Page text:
Healthcare System Plagued By “Perverse Incentives,” Expert Says.
In an op-ed in the Washington Times (4/25), John C. Goodman, president of the National Center for Policy Analysis, says that while the Medicare Trustees Report released Monday “is a serious document reflecting accepted accounting principles,” the document presented by the Obama Administration on the eve of its release “was clearly a piece of political propaganda” that greatly “stretched the truth.” Goodman disputes the Administration’s assertion that “Obamacare will save taxpayers $200 billion in the Medicare program through 2016,” and scrutinizes the Administration’s “preferred organizational form of health care delivery — accountable-care organizations” — as well as “other demand-side reforms” that he argues only provide “high-quality, low-cost care” when they have “originated on the supply side of the market, not the demand side.” According to Goodman, “the fundamental problem in health care is that people in the system face perverse incentives,” thus changing “perverse outcomes” requires changing “the incentives that lead to them.”
CMS Proposed Rule Would Increase Inpatient Payment Rates To Hospitals By 2.3%.
CQ (4/25, Reichard, Subscription Publication) reports, “The Centers for Medicare and Medicaid Services announced a proposed rule Tuesday that would increase inpatient payment rates to hospitals by 2.3 percent in the fiscal year starting Oct. 1, 2012.” CMS “added in a news release that ‘the rate increase, together with other policies in the proposed rule and projected utilization of inpatient services, would increase Medicare’s operating payments to acute care hospitals by approximately 0.9 percent in FY 2013.'”
Modern Healthcare (4/25, Zigmond, Subscription Publication) reports, “Also under the proposed rule, payments to long-term acute-care hospitals are expected to increase by about 1.9%, or about $100 million, next year.” in a news release, acting CMS Administrator Marilyn Tavenner said, “The proposed rule would implement key elements of the Affordable Care Act’s value-based purchasing program as well as the hospital readmissions reduction program. It also establishes the groundwork for extending Medicare’s quality reporting programs beyond general acute-care hospitals to other types of facilities.” Also covering the story is Dow Jones Newswires (4/25, Tadena, Subscription Publication).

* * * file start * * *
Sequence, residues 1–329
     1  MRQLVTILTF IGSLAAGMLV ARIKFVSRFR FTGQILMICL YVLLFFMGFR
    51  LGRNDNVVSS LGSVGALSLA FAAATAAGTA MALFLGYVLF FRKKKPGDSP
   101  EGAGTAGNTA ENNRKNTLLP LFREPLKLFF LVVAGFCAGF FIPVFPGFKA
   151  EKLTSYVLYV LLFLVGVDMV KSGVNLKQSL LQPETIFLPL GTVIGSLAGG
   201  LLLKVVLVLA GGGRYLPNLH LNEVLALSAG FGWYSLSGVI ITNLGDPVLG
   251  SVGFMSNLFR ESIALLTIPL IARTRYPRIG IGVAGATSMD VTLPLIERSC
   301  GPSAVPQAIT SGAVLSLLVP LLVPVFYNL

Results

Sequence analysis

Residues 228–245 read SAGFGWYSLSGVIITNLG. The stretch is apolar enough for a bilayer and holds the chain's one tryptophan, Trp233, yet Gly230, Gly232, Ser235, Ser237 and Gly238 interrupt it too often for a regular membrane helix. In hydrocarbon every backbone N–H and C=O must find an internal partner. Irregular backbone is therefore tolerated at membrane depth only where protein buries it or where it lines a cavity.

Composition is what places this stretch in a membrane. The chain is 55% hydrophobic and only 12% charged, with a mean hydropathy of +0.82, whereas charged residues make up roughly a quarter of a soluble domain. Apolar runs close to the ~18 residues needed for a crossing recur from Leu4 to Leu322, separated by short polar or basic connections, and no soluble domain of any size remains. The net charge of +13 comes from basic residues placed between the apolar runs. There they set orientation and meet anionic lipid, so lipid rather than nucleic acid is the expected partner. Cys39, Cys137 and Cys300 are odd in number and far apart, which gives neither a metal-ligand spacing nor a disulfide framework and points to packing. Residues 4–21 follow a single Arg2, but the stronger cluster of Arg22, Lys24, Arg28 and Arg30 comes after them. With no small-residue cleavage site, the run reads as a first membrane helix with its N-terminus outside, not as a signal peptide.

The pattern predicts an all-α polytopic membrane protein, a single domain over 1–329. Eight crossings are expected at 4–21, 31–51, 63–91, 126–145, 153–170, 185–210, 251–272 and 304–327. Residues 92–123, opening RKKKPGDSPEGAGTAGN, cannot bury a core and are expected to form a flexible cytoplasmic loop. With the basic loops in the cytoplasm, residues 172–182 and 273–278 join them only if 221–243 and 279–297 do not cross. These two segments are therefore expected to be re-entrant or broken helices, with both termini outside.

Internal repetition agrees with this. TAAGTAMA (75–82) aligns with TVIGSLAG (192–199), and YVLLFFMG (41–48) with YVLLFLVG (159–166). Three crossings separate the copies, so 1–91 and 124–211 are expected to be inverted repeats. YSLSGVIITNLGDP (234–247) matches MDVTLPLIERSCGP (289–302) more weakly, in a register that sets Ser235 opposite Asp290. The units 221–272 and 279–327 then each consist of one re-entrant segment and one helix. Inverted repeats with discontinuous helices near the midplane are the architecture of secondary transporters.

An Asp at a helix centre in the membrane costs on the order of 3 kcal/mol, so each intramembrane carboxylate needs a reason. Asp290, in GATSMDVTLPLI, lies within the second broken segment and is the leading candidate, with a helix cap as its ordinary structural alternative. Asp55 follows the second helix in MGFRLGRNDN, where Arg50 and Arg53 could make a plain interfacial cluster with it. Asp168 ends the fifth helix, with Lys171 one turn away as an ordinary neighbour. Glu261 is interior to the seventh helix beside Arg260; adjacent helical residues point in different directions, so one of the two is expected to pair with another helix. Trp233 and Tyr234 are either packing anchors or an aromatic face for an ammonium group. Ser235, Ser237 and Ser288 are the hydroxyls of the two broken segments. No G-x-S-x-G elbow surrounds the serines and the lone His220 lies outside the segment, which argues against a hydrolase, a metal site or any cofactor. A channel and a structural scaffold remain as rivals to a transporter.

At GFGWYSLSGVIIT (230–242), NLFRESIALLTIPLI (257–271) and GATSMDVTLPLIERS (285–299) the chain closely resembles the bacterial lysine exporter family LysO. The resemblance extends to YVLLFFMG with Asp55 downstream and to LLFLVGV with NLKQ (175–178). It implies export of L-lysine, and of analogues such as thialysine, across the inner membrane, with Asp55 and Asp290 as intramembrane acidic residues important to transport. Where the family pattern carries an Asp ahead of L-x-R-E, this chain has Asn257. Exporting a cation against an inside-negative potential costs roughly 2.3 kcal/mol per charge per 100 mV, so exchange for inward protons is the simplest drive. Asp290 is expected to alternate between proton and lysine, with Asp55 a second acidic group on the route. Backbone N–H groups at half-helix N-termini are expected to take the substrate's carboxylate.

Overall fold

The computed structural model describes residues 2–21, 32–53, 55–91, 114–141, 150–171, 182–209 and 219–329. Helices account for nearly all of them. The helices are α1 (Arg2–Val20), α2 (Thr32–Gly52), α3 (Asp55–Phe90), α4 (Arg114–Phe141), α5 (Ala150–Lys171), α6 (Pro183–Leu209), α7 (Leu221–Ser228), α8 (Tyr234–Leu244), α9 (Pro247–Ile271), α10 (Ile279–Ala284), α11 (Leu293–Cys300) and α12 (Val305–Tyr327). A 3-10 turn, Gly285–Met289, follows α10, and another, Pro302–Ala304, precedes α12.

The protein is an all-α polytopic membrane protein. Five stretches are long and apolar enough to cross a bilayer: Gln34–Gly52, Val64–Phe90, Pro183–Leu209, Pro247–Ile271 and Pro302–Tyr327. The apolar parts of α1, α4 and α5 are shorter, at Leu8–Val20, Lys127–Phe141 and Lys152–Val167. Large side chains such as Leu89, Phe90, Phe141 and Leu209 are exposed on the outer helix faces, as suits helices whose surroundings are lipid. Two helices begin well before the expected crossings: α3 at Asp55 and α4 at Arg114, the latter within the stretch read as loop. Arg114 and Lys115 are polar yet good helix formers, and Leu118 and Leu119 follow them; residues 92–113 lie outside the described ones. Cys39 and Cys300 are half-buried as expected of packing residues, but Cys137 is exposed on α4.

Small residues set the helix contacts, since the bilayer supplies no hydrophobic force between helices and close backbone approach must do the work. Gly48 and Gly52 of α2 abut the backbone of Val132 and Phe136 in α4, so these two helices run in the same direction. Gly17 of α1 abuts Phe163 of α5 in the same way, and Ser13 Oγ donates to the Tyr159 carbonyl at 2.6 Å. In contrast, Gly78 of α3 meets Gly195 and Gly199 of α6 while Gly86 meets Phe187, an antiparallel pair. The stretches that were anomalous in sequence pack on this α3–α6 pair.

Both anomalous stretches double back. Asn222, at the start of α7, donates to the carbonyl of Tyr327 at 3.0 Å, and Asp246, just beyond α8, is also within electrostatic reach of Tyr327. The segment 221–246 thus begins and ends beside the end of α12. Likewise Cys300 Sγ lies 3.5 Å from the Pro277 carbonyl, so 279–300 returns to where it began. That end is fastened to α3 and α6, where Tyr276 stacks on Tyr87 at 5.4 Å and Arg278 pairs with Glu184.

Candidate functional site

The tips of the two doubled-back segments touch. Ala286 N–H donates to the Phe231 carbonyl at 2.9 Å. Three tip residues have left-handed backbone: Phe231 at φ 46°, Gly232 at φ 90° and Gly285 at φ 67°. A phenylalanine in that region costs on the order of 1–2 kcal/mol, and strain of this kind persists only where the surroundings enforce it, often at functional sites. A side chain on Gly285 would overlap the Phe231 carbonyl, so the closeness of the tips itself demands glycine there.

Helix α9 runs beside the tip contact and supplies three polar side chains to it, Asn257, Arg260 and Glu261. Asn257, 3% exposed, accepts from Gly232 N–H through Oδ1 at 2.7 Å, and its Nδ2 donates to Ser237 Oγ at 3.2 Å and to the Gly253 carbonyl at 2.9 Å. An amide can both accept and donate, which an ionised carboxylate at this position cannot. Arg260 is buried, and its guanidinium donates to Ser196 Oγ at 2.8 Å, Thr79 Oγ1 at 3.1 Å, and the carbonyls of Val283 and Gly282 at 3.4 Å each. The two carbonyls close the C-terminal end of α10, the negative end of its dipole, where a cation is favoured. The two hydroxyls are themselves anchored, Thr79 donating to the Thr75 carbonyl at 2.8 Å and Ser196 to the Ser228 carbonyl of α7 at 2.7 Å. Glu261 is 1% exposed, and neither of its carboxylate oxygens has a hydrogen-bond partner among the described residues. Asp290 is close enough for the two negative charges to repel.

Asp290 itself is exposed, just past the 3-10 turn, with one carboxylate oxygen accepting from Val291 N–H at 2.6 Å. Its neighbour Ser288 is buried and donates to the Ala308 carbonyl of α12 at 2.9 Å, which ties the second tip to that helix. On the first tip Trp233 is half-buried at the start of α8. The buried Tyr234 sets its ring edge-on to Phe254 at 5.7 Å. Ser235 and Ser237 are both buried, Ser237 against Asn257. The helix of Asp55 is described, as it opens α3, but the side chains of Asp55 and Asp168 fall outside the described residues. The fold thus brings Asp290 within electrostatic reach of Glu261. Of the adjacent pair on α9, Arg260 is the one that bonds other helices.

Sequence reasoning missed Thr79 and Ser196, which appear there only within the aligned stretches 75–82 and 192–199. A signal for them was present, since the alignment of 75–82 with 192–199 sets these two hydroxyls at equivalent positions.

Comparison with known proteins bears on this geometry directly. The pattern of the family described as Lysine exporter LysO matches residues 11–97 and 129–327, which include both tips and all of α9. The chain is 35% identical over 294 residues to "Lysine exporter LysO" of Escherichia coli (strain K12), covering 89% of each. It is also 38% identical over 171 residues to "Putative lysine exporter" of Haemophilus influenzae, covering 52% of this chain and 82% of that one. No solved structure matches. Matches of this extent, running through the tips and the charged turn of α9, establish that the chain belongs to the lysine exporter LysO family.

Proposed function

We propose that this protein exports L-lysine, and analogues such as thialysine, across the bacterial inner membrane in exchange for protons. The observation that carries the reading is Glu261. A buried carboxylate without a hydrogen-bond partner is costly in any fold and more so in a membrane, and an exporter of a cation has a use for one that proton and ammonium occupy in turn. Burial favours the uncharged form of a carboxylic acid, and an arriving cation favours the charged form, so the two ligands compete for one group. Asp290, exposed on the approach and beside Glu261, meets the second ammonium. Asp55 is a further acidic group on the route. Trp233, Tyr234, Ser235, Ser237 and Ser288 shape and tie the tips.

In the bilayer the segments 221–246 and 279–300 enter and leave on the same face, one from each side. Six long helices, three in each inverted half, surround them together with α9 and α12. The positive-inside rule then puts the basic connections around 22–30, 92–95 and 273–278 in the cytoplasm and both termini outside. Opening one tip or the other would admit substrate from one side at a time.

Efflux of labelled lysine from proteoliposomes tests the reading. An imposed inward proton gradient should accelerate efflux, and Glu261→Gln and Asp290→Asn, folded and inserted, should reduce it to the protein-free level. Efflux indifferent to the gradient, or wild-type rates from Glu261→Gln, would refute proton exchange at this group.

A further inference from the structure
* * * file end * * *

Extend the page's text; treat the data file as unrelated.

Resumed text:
Disability Insurance Payments Growing With Little Discussion.
A front-page Business section story in the New York Times (4/25, B1, Porter, Subscription Publication) reports that while disability insurance payments “are growing out of control,” fixing the program “inspires hardly any discussion.” Mark Duggan, an economist at the Wharton School of the University of Pennsylvania, remarked, “The health of nonelderly Americans is improving consistently, and we have more technology to help people at work. Yet every year the fraction of people on this program is growing.” The Times notes that growth “is not simply about demography. Rather, it is driven by two other factors: a job market that has become tough to navigate for workers with low skills, especially men, whose jobs have gone abroad or been taken by machines; and a basic flaw in the disability program that discourages people from ever working again.”
Lawsuit Challenges Law Making Florida Counties Responsible For Unpaid Medicaid Bills.
The Sarasota (FL) Herald Tribune (4/25, Wells) reports that Florida “has racked up $325 million in unpaid Medicaid bills after 10 years of computer errors and deception by patients, and the dispute over who should pick up the tab is raising concern in this region. On Tuesday, Sarasota County opted to join 30 Florida counties and the Florida Association of Counties in a lawsuit challenging a new law that would push the responsibility for the bills from the state onto county governments.”
Florida Bust Used As Example In Efforts To Fight Medicare Fraud.
CQ (4/25, Reichard, Subscription Publication) reports, “Enforcement officials at a Senate Finance Committee hearing Tuesday laid out how a Florida strike force of federal and local officials last fall produced what Chairman Max Baucus called ‘the largest Medicare fraud bust in history.'” While Baucus “called the hearing to learn what could successfully be gleaned from the bust and applied elsewhere,” Miami-based US Attorney Wilfredo A. Ferrer “cautioned lawmakers that ‘we cannot prosecute our way out of this,” emphasizing that fraud prevention methods must be found first.